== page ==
Helen Elizabeth Bailey was born on August 22, 1964, in Ponteland, England. Since childhood she has always been interested in being a author, but graduated as a Physiologist, in London, with the intention of being a forensic scientist.
Shortly thereafter she changed jobs: Helen started working in marketing campaigns for cartoons and films. In 1996, as a secretary, she met and married John Sinfield, the director of a film licensing rights company.
During this time, Helen Bailey wrote five books focused on a teenage audience called Crazy World of Electra Brown, the most successful achievement of her career. In addition, she has produced other works of short stories, picture books and young-adult fiction.
Death by drowning and loneliness
While the couple was vacationing in Barbados, Helen’s husband John sadly passed away from drowning while swimming in the open ocean. They had been together for 22 years and married for 15.
That time was very difficult for Helen, she even described her feelings of loneliness in a book and appeared on television and radio to talk about the grieving process.
Ian Stewart, a new chance for love
In October 2011, Helen met Ian Stewart. They had many things in common, including the fact that they were both widowed.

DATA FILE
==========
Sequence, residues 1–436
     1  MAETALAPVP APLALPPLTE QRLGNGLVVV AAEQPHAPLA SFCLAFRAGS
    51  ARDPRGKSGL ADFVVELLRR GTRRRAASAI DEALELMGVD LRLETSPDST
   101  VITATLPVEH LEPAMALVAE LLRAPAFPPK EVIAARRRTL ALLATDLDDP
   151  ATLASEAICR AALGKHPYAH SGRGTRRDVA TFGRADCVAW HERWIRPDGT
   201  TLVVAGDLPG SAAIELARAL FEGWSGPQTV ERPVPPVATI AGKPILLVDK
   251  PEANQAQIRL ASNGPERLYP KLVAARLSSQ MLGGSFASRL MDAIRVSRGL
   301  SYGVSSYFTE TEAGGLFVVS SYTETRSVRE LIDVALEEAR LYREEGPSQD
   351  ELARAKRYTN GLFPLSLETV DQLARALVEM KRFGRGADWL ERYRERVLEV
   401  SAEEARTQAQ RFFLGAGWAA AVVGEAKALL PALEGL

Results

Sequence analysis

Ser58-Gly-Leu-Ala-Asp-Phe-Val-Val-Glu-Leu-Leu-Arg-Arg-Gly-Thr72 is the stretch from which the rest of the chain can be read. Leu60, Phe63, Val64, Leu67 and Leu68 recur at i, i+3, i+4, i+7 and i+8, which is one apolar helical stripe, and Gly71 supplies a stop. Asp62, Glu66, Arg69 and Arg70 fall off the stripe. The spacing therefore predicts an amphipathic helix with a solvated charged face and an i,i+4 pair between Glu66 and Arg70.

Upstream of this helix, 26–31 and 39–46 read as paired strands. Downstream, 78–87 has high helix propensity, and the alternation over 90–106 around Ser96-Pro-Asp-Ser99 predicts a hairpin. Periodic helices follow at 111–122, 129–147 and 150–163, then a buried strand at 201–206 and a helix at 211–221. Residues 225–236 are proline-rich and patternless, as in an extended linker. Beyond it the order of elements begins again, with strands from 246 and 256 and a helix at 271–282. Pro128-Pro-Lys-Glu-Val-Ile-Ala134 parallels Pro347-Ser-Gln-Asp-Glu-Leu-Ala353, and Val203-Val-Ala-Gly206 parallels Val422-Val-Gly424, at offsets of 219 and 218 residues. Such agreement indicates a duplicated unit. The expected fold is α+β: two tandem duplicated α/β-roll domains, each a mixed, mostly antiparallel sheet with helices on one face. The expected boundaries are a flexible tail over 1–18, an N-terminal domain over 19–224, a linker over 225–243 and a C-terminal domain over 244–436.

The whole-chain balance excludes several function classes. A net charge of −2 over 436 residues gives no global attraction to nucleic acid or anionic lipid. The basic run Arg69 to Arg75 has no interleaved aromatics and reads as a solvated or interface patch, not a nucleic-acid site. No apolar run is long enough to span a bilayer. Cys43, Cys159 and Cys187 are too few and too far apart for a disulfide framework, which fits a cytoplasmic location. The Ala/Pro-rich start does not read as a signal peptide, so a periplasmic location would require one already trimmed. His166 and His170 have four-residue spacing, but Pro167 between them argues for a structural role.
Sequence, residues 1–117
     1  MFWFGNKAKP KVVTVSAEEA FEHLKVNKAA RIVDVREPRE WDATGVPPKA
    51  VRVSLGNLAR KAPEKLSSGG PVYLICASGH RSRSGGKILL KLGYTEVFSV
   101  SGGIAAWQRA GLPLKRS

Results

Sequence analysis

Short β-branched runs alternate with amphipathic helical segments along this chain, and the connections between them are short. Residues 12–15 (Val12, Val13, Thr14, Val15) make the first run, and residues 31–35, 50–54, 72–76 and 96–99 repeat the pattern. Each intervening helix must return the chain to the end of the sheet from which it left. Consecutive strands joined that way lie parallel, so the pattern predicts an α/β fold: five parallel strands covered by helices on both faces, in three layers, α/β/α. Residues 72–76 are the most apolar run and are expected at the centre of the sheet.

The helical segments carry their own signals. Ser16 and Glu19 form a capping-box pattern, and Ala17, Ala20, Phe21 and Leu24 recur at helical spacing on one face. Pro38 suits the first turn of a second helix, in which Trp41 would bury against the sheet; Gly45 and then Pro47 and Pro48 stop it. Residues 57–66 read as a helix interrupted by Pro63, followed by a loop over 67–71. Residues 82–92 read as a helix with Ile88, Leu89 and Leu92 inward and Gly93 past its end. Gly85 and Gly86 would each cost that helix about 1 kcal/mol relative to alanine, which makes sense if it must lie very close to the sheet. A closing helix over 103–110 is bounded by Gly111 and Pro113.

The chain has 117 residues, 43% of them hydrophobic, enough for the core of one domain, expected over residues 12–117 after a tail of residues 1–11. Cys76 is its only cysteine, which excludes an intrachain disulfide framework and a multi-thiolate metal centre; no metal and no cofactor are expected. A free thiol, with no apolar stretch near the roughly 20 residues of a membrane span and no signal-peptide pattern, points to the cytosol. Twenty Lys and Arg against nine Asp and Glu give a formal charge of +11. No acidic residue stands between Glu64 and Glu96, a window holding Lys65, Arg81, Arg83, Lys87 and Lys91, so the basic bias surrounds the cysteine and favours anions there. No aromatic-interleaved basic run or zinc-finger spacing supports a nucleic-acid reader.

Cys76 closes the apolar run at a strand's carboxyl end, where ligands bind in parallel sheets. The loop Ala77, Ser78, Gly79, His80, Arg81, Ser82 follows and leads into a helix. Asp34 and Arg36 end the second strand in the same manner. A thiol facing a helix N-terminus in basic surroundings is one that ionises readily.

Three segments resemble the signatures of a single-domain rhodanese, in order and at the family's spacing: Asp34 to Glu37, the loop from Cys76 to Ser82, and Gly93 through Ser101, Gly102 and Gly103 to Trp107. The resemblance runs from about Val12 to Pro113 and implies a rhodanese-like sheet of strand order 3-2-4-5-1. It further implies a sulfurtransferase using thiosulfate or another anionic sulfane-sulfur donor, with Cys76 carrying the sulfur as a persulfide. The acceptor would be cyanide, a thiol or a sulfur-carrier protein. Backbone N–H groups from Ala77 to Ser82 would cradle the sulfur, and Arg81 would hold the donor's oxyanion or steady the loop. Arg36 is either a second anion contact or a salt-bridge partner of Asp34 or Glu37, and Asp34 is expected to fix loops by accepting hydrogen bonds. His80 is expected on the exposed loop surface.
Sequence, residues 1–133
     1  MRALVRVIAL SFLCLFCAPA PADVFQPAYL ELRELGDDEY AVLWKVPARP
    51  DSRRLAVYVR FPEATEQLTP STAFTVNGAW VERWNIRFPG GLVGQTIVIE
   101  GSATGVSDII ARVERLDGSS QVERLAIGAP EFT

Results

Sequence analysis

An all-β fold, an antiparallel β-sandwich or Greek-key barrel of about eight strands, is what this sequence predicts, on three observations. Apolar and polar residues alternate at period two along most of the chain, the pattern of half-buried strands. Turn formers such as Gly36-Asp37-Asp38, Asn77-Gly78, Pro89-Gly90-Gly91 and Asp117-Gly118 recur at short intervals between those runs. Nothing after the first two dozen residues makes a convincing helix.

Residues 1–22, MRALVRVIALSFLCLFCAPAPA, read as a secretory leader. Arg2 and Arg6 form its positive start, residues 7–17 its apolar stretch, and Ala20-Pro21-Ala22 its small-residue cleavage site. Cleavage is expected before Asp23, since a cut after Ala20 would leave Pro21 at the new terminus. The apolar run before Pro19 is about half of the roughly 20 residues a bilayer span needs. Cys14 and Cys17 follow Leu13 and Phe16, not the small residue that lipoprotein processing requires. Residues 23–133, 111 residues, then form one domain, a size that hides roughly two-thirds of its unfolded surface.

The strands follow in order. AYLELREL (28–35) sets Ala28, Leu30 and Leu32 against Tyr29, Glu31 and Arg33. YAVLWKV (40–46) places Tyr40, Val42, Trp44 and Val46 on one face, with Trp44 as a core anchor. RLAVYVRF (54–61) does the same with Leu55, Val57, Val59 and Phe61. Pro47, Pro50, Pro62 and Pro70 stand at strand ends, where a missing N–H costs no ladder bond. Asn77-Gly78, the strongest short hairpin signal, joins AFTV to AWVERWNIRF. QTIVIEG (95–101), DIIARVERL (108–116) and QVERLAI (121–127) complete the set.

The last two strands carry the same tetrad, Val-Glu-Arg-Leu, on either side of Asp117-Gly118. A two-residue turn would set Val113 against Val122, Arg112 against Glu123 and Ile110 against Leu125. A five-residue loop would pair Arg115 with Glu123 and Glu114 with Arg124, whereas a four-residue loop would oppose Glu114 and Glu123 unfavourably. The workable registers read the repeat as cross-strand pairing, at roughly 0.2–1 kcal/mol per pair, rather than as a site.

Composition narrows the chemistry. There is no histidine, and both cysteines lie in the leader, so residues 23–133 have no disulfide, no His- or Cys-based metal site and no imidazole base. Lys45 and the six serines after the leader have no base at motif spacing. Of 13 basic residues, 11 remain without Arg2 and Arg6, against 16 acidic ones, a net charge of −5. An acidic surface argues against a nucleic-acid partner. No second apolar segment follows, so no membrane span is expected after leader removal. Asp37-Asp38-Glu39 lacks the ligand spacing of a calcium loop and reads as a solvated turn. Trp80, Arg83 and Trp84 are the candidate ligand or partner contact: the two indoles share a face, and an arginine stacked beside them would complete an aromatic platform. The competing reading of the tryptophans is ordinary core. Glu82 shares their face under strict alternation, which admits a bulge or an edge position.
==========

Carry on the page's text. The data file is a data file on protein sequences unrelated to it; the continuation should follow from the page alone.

Ian had two children and the couple quickly started living together.
In April 2016, Ian called the police reporting Helen, then 51 years old, missing. He claimed to have last seen her on the 11th, where she went out for a walk with her dog, however neither she nor the dog returned home.
According to Ian, there was a note on the counter, written by Helen. It said that she was facing personal problems, needed to spend some time alone, and was going to the holiday home in another city.
The husband claimed that he drove to where Helen said she was and there was no sign of her or the dog. She had simply disappeared, something that was not consistent with her personality.
It is important to mention that during the emergency call, when the operator asked for Helen’s physical characteristics and personal details such as eye color, height and date of birth, Ian could not say and was confused.
At one point during the phone call, he asks the policeman to wait while he looks for some personal details about his wife.
Weeks without answers
In the very first days, the police checked Helen’s house several times and looked for any clues, but nothing was found. Weeks went by and the investigators decided to take a new statement from Ian.
When asked to recount the facts of that day, Ian was evasive, saying that he did not remember them very well. He recounted the story superficially, which sounded quite strange, as this would not be the usual behavior of someone going through an unresolved traumatic situation.
In a new visit to the holiday home, police noticed that Helen’s cell phone had connected to the property’s Wi-Fi for a few minutes on April 16 and her bank account was also used.
Helen had two bank accounts, one personal and one joint with her husband. In the following days the police tracked strange movements in the couple’s account with an exponential increase in their credit card limit.
It became clear that it was Ian who was using the cards. The suspicion became much more solid when, on a holiday, he just traveled to Spain.